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2010 re-package of the famous recording of Bach's Violin Concertos and the Concerto for Oboe Kennedy made together with the Berliner Philharmoniker
Most of us think of Kennedy as a rebel with a musical cause: a people's violinist, master of Elgar and Ellington, provocative in spirit but musically astute. In both Johann Sebastian Bach and Nigel Kennedy we have free-ranging spirits with huge appetites for their music .
Such is the beauty of Bach's music that Nigel claims he finds something new to explore, to understand everytime he raises his violin and performs Bach's work. Interestingly, he sees many comparisons between the best of jazz compositions and much of Bach's repertoire.
Bach loved the dances of the day: not only those of his native Germany, but also the varied forms that originated in England, France, Italy and Poland. Many of the movements in his instrumental works are in fact musically sophisticated dances and you can hear elements of that keen rhythmic sense throughout the four concertos recorded here.
Nigel Kennedy was the recipient of the "Outstanding Contribution to Classical Music" award from the UK 2000 Classical Brit Awards the same year he recorded this album.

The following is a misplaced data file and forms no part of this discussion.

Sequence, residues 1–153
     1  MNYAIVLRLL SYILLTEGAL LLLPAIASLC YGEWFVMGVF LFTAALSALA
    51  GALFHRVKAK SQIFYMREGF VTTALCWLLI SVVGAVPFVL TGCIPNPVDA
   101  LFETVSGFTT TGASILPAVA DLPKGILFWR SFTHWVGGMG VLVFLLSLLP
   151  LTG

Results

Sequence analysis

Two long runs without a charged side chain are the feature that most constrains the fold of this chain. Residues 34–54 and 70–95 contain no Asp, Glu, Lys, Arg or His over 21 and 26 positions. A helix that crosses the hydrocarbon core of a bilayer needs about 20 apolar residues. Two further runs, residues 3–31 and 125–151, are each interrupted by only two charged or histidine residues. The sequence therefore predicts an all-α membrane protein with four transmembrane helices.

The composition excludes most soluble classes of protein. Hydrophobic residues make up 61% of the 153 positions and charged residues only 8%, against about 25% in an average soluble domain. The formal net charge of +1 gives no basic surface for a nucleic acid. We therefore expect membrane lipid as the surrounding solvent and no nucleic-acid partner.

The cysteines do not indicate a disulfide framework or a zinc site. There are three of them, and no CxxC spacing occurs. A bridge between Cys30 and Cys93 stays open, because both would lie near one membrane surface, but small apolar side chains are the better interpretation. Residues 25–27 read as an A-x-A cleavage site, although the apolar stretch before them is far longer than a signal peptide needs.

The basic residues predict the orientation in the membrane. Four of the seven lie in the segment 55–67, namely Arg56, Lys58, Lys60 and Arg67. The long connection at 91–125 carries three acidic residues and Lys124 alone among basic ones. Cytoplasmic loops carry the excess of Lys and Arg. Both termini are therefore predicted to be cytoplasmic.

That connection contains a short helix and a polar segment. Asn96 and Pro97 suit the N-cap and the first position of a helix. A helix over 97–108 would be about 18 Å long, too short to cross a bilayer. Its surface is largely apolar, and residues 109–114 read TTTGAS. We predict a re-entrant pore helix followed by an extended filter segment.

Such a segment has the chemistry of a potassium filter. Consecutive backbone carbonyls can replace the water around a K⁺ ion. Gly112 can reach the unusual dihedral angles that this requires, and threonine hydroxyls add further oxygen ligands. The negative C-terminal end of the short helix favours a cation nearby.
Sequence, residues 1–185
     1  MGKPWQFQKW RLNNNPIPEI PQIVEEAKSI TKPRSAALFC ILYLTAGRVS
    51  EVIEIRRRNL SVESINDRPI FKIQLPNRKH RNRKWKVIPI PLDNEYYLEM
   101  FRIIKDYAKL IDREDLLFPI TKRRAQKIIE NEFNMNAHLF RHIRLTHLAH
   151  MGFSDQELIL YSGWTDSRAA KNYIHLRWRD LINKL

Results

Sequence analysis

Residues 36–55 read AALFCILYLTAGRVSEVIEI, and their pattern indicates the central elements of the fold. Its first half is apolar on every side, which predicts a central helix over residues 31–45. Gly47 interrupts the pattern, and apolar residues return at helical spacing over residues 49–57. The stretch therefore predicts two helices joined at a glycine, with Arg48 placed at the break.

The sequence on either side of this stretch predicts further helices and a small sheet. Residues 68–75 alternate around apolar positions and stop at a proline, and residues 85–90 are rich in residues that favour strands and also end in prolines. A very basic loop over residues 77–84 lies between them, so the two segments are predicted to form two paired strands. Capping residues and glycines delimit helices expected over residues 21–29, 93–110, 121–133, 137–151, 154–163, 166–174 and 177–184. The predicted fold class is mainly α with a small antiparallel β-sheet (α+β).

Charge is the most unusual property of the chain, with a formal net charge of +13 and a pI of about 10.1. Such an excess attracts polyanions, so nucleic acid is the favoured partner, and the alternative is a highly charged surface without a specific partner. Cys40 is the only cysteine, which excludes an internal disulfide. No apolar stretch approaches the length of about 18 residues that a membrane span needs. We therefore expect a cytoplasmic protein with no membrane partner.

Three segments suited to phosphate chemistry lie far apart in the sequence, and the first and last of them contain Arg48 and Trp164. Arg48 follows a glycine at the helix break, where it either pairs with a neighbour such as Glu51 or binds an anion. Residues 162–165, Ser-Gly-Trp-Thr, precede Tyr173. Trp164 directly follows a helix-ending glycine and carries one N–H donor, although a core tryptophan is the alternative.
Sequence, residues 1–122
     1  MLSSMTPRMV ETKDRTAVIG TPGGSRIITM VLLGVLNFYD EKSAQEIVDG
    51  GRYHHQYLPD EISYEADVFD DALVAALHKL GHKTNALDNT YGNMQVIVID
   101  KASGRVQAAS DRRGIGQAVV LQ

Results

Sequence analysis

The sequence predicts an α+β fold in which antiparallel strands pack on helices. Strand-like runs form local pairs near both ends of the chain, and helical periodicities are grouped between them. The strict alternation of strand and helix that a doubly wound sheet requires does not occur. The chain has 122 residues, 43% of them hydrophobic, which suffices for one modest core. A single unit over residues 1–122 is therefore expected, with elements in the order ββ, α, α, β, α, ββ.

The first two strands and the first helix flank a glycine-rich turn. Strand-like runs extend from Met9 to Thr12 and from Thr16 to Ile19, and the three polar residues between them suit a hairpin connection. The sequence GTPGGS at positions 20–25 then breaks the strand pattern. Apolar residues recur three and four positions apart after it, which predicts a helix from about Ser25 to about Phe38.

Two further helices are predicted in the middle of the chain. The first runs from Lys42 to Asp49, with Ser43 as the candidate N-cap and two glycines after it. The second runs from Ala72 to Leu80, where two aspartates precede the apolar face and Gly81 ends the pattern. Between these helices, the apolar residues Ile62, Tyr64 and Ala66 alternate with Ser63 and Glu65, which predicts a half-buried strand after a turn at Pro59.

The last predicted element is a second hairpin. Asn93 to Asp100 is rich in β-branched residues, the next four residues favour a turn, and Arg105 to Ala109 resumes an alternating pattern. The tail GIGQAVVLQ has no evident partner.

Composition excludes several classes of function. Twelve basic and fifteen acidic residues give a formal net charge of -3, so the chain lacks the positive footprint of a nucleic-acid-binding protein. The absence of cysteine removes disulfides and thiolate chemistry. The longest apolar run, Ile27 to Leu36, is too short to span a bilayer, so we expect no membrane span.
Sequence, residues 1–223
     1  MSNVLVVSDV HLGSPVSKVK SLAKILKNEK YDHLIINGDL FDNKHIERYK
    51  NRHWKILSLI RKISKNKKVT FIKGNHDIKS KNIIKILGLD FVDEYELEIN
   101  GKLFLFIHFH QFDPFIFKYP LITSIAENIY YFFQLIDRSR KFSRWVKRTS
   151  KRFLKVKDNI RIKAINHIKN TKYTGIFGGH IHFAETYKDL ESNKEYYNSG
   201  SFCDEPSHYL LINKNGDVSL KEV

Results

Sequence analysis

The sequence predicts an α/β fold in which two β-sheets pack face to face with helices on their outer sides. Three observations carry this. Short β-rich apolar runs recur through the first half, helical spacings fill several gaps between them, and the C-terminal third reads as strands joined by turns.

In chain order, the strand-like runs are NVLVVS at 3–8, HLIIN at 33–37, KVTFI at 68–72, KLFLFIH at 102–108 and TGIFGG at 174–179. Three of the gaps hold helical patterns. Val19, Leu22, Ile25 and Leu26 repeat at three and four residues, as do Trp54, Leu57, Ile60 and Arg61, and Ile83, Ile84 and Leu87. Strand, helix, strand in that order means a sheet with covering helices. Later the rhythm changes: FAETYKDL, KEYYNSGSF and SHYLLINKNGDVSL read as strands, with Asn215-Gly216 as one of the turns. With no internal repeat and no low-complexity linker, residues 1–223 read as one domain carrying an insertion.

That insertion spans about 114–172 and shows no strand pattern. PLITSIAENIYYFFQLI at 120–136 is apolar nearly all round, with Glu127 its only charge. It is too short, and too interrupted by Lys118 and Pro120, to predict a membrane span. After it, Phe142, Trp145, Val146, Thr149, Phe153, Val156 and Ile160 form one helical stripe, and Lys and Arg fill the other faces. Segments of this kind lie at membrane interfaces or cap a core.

To this day, Kennedy still declines to play by any one set of rules. Over the past decade or so, as well as recording Bach, Vivaldi, Mozart, Beethoven, Mlynarski and Karlowicz, he has laid his personal instrumental stamp on the songs of Jimi Hendrix, the Doors and Kate Bush; performed the violin intro to Baba O'Riley on stage with the Who; invited Jeff Beck onto the Prom stage with the NKQ; explored traditional klezmer music with the Polish band, Kroke, and dug deep into the roots of modern jazz on the Blue Note Sessions, an album he recorded in NYC in 2006 with legends Ron Carter and Jack DeJohnette.
Now dividing his time between homes in London and Krakow, where he lives with his Polish-born wife of 10 years, Agnieszka, Kennedy has never felt more free to pursue his boundary-free musical objectives. "I'm enjoying my music much more than ever as I’m playing exactly what I want - it’s become a deeper experience and enjoyment for me, savouring the moment more, not thinking about the future or the past but thinking about now."
Bach: Violin Concerto #2 In E, BWV 1042 - 1. Allegro
Bach: Violin Concerto #2 In E, BWV 1042 - 2. Adagio
Bach: Violin Concerto #2 In E, BWV 1042 - 3. Allegro Assai
Bach: Concerto In C Minor For Oboe & Violin, BWV 1060 - 1. Allegro
Bach: Concerto In C Minor For Oboe & Violin, BWV 1060 - 2. Adagio
Bach: Concerto In C Minor For Oboe & Violin, BWV 1060 - 3. Allegro
Bach: Violin Concerto #1 In A Minor, BWV 1041 - 1. Allegro
Bach: Violin Concerto #1 In A Minor, BWV 1041 - 2. Andante
Bach: Violin Concerto #1 In A Minor, BWV 1041 - 3. Allegro Assai
Bach: Concerto In D Minor For 2 Violins, BWV 1043, "Double" - 1. Vivace
Bach: Concerto In D Minor For 2 Violins, BWV 1043, "Double" - 2. Largo Ma Non Tanto
Bach: Concerto In D Minor For 2 Violins, BWV 1043, "Double" - 3. Allegro
Click on any of the works listed above for alternative recordings.